BRIDGETOWN, Barbados,(IPS) – Years after issuing its 1989 Declaration of Grand Anse that serves as the blueprint for a Caribbean Single Market and Economy (CSME), regional leaders have come to the realisation that it will take more than economics to drive and deepen the integration process.
“If this regional integration movement is to survive and thrive, it must address practically the day-to-day concerns of the people of the region and it must benefit all the member-countries in a way which is not unduly beneficial to some and not to others,” warned St. Vincent and the Grenadines Prime Minister Dr. Ralph Gonsalves.
Caribbean technocrats, including Edwin Carrington, the Caribbean Community (Caricom) secretary general, have acknowledged that the successful operation of the CSME hinges on improving the quality of life of Caribbean people as well as on the efficiency of the new institutions necessary to ensure a fair and equitable market and distribution of the benefits.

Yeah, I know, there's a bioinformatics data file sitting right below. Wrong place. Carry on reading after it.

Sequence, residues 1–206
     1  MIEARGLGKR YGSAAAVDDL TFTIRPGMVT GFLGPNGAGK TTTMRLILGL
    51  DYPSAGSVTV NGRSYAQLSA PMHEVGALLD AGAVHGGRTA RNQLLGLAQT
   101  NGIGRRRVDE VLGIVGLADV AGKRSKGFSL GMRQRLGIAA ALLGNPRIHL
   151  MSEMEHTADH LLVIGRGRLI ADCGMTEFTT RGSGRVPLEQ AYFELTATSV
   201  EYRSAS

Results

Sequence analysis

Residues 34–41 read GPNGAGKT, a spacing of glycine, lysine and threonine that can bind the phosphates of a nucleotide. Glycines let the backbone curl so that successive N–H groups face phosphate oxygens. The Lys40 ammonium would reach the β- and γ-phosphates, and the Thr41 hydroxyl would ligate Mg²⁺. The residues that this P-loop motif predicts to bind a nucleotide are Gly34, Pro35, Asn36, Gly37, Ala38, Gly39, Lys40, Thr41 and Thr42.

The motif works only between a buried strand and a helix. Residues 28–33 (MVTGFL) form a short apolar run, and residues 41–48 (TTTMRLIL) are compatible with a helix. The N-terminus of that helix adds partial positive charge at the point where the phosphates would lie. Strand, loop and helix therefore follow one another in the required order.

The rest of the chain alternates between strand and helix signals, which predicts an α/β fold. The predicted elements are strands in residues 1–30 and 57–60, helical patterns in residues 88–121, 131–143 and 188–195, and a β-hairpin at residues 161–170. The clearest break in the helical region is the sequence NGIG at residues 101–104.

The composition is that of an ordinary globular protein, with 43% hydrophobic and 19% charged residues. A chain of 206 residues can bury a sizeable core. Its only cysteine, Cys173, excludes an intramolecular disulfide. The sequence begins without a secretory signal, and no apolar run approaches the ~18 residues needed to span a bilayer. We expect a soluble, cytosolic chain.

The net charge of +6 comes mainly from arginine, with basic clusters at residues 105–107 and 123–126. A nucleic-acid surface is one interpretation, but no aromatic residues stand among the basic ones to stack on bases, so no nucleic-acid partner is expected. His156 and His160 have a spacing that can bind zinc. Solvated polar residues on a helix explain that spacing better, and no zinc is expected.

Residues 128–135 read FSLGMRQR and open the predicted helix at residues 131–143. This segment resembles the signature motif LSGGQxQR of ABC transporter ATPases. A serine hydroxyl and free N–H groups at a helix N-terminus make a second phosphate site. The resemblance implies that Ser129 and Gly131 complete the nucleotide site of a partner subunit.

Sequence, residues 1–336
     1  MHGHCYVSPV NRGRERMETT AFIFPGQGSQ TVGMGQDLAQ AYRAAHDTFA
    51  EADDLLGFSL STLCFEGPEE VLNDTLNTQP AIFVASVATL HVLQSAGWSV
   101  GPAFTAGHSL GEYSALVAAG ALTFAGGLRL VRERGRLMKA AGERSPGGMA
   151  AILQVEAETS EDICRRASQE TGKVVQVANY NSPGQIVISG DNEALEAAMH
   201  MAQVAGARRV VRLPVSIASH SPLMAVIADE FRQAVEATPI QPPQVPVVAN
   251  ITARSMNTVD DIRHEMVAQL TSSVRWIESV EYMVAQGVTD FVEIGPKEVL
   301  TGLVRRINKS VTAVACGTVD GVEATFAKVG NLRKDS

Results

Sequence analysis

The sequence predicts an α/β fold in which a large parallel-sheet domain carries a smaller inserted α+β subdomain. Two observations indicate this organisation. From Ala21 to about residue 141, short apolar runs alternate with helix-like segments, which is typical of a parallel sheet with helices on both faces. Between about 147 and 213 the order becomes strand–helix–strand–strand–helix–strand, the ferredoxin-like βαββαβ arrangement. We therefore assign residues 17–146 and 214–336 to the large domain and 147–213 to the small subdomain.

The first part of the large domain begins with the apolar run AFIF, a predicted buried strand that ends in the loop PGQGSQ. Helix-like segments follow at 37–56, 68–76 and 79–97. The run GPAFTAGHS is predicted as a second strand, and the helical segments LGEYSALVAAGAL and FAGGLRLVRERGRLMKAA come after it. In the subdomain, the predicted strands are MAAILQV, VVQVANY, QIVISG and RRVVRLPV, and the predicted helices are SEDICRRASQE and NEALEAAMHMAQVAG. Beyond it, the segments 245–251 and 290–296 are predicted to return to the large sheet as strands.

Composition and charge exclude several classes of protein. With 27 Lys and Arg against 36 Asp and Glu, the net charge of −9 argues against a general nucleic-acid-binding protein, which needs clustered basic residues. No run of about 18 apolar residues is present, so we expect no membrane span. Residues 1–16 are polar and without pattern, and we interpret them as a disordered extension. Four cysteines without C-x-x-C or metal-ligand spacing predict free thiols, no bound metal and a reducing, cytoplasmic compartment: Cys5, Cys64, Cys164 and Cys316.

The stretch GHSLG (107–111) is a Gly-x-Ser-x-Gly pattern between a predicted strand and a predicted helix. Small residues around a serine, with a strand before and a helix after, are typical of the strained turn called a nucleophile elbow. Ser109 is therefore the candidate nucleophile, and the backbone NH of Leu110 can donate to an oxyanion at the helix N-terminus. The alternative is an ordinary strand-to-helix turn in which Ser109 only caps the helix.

In a communiqué issued at the end of the Jul. 1-4 summit, regional leaders requested a study of the movement of skilled persons in order to guide the future operations of the initiative. (Read more)
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